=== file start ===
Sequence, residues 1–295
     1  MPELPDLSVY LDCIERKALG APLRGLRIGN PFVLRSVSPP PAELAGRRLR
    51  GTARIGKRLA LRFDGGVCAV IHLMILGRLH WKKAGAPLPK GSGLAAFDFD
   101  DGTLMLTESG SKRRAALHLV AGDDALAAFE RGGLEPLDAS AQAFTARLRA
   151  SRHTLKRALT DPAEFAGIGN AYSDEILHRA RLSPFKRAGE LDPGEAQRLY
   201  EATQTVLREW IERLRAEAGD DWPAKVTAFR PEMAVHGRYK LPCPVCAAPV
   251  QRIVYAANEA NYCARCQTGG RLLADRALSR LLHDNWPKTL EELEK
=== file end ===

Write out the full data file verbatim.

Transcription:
Sequence, residues 1–295
     1  MPELPDLSVY LDCIERKALG APLRGLRIGN PFVLRSVSPP PAELAGRRLR
    51  GTARIGKRLA LRFDGGVCAV IHLMILGRLH WKKAGAPLPK GSGLAAFDFD
   101  DGTLMLTESG SKRRAALHLV AGDDALAAFE RGGLEPLDAS AQAFTARLRA
   151  SRHTLKRALT DPAEFAGIGN AYSDEILHRA RLSPFKRAGE LDPGEAQRLY
   201  EATQTVLREW IERLRAEAGD DWPAKVTAFR PEMAVHGRYK LPCPVCAAPV
   251  QRIVYAANEA NYCARCQTGG RLLADRALSR LLHDNWPKTL EELEK